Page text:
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Thursday, June 05, 2008

Baseball recruiting turns out to far more byzantine and arcane than football or basketball recruiting. There are thousands of players coming into college and no authoritative, free scouting service to cover it. Players can come in with as little as a quarter of a scholarship, and a huge number of top kids sign big-bucks contracts after the draft. Who has the top recruiting class? Ask on August 16th, the day after the deadline for major league teams to sign their draft picks. It won't be Michigan, or anyone in the Big Ten. does have a primitive ranking where their top recruit is worth 1585 points, their number 1584 is worth one point, and you can extrapolate from there. The Big Ten according to them:

Rank College Recruits Total Points Top Ranked Recruit Ranked Top 200 Conference
49 Iowa 10 6857 Phil Schreiber 0 Big 10
72 Michigan 7 4017 Tyler Mills 0 Big 10
76 Michigan State 4 3783 Clayton Vanderlaan 0 Big 10
84 Illinois 5 3205 Corey Kimes 0 Big 10
108 Penn State 3 2300 Joey DeBernardis 0 Big 10
109 Indiana 4 2226 Blake Monar 0 Big 10
127 Minnesota 5 1483 Kurt Schlangen 0 Big 10
129 Purdue 6 1415 Joe Haase 0 Big 10
133 Ohio State 1 1350 Ross Oltorik 0 Big 10
192 Northwestern 3 205 Zachary Morton 0 Big 10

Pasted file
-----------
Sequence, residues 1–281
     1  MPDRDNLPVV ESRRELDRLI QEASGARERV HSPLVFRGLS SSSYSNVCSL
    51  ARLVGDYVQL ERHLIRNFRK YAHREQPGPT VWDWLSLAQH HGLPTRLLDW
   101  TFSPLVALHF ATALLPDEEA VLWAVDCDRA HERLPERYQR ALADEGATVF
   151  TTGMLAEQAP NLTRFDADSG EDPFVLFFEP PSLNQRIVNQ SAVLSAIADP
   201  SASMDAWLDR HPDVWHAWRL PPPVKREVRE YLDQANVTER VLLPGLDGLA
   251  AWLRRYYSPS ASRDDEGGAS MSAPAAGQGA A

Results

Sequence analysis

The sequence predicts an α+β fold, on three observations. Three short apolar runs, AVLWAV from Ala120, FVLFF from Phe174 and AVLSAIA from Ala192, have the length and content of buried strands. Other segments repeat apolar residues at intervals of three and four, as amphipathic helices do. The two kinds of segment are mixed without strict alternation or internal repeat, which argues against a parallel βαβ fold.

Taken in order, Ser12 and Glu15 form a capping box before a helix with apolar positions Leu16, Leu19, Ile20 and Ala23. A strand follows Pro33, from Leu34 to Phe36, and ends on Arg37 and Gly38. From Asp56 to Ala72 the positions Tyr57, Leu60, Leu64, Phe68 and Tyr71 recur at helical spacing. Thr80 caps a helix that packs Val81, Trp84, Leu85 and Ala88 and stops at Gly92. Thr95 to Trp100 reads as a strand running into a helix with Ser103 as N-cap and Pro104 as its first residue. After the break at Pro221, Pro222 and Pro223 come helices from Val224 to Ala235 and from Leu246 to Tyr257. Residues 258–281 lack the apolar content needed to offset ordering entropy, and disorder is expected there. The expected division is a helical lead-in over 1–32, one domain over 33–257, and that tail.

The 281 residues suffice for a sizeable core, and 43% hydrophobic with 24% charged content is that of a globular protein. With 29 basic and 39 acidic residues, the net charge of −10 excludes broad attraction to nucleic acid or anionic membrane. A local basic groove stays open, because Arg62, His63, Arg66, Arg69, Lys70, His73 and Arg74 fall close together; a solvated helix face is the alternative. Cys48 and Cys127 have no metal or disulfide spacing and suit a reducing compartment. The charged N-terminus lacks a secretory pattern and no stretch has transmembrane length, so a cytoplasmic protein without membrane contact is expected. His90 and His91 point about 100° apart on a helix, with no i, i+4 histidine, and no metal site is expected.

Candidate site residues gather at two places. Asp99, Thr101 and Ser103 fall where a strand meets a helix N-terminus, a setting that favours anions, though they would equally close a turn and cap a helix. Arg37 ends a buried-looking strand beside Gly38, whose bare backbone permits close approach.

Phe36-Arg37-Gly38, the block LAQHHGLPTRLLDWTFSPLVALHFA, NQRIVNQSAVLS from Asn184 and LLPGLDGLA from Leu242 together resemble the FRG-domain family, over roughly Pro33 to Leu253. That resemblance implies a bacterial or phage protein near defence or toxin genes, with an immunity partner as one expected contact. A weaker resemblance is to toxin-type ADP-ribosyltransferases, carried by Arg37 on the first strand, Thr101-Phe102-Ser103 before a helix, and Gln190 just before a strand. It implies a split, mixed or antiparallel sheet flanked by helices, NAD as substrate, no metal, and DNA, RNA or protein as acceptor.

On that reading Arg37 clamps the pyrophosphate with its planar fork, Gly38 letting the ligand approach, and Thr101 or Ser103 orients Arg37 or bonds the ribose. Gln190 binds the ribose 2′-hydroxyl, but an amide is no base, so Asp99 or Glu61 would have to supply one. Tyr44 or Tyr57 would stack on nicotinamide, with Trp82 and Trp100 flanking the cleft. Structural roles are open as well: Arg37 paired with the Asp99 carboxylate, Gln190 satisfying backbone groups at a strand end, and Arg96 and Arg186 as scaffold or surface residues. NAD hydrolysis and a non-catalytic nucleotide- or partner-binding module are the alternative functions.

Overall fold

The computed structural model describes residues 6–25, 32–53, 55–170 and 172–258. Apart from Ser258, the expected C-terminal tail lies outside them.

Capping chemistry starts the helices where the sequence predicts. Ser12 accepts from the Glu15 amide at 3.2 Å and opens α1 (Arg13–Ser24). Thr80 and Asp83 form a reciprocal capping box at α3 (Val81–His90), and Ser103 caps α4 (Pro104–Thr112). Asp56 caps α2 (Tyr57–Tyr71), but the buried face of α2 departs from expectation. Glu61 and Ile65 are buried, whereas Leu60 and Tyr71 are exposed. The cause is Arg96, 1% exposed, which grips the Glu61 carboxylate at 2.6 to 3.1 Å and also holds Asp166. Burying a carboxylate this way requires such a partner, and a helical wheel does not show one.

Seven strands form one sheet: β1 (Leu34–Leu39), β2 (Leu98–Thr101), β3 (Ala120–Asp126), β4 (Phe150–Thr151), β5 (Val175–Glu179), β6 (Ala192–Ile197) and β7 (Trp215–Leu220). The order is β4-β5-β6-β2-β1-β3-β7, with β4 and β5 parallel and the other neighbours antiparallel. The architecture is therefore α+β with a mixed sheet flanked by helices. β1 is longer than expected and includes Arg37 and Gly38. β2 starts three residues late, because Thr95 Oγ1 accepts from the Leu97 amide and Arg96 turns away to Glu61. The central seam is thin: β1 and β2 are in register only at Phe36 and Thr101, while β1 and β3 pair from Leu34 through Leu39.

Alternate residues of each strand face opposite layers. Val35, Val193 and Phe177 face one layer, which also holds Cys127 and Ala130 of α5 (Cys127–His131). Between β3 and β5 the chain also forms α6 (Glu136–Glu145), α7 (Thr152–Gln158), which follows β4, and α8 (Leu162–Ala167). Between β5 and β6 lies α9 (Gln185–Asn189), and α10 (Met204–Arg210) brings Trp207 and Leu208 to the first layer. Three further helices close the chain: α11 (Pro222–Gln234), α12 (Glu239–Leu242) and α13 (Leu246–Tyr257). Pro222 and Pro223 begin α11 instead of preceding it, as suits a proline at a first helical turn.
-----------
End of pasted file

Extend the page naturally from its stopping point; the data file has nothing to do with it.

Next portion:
Providing points per recruit here is pointless since no one knows exactly how many scholarship are being spent: Ohio State's one guy might be taking up a full slot and Indiana's four might all be on the minimum.

Only six members of Rivals' top 100 (via) are from Big Ten states, and none are from Michigan. It's a different world out there.

Some guidance from a couple guys who are more familiar with the scene then I am. First, Dan Kittell:

I assume you have seen the list of guys Maloney signed in the fall. [uh... now I have! -ed] lots of pitchers (one from Pioneer & one from Mass. they are high on, among others), a catcher from Cali and a couple SSs (one from TC, one from Ill who is ranked the #8 guy in the state, apparently). i wouldn't worry about finding out how good these guys are until the MLB draft in June. unless there is a Putnam-type kid (i don't think there is), there won't be much to read about. even if there is a putnam type kid, he would be a late rounder b/c they have signed w/ M and are probably firm commits (putnam was drafted out of HS IIRC, but was a late flyer pick by the local Tigers b/c he knew he wanted to go to M).